This is where Rowan Williams' vision of the established church comes in. It is not, of course, the only place where such debates can occur but it is the only one that is genuinely national ("a presence in every community"), stretching from villages square to Parliament Square, and explicitly concerned with what it means to live well. Moreover, it also stretches back through our national past and across the globe, thereby providing the widest possible context to conduct such debates.

Given that the other forums for such debate are beset with problems – politicians are not best placed to conduct moral debates, for fairly obvious reasons, and the media are conscious of, one might even say driven by, the need for high ratings – Williams is right to say that the Church is uniquely well placed for such debates. Explosions of public frustration, such as we have seen around St Paul's and the London Stock Exchange of late, underline the value of its establishment.

There is, however, a 'but' here. The Church of England may indeed be "explicitly concerned with what it means to live well" but it is not a moral debating society, a national version of Oxford's famous Socratic Club. It is, rather, founded on and for Jesus Christ, worship of whom is its raison d'être.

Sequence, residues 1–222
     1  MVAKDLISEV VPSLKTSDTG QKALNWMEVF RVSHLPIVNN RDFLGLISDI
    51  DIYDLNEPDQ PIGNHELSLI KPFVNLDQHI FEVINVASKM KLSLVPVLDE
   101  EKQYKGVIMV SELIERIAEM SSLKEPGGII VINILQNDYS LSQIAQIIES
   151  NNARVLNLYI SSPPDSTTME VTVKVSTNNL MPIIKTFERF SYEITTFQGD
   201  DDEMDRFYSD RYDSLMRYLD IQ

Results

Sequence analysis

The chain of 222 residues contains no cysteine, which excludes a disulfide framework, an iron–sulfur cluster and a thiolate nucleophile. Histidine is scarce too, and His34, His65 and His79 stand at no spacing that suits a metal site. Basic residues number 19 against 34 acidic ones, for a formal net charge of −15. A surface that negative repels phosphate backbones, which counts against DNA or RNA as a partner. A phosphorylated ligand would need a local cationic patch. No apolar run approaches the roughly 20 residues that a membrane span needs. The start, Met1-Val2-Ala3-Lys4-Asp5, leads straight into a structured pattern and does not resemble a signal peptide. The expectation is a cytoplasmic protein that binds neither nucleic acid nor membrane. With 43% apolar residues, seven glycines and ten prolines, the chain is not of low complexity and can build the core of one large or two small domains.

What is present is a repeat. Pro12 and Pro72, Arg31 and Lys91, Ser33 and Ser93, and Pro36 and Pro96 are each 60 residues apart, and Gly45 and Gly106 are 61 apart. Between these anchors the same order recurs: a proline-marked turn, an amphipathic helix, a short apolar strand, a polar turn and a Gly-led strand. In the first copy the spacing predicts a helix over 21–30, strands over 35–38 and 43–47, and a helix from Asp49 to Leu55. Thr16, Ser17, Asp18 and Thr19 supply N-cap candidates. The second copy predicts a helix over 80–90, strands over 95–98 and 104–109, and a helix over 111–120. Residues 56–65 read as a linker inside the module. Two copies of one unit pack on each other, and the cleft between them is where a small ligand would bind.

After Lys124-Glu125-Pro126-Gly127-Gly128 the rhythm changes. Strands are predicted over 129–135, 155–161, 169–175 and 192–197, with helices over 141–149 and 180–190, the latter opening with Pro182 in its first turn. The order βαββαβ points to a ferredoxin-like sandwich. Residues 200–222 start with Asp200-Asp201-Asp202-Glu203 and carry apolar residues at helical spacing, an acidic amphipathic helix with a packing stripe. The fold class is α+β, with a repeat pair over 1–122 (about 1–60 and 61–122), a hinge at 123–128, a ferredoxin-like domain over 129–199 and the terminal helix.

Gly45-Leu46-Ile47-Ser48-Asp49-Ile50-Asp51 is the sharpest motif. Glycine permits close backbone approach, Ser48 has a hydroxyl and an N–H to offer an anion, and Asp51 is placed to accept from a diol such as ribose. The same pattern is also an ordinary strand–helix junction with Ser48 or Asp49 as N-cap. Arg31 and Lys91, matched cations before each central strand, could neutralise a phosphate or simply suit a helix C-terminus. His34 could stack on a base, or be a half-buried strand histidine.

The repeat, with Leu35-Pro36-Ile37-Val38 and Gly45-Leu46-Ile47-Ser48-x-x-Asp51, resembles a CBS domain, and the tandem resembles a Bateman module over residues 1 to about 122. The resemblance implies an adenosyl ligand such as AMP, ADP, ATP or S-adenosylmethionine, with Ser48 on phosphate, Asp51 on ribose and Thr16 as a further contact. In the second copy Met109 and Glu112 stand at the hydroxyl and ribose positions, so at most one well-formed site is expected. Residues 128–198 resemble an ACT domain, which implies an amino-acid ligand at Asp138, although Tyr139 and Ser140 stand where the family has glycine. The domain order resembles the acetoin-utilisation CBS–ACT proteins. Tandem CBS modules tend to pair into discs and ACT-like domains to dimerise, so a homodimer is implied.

It is not as if Anglican clergy don't know this. "The primary purpose of the Cathedral," intoned the Bishop of London during the most fraught moment of St Paul's fracas, "is to worship Almighty God". One wouldn't, or at least shouldn't, expect a bishop to think otherwise, but it was nonetheless a little shocking to hear one say so with such feeling and clarity on national television.

The reason for this slight frisson of shock is, surely, that by being a stage on which the nation may debate its moral concerns, the established Church undoubtedly feels a subtle pressure to circumscribe a message that, as the first Christians knew, is stubbornly discomfiting. At very least, being the national church means that its dirty washing is deemed to be everyone's business, in the same way as are BBC salaries. Being public means everyone can have a slice of you.

Church of England clergy would, of course, deny that being established means they must pull in their horns. But the mere fact that the Church of England of which people speak most fondly is the gentle, liberal, All Gas and Gaiters kind of church is indicative. What profits a church to gain a national stage if it loses its soul?

The Church of England's prominence has certainly not entailed the loss of its soul. If anything, it is considerably more soulful now than it has been at many times in its chequered past. However, if the nation continues to grow ever more individualised and morally plural, the church will find it ever more difficult to reconcile the tension that comes from being a national stage while also having its own unique message to enact.

Nick Spencer is research director at Theos, the public theology thinktank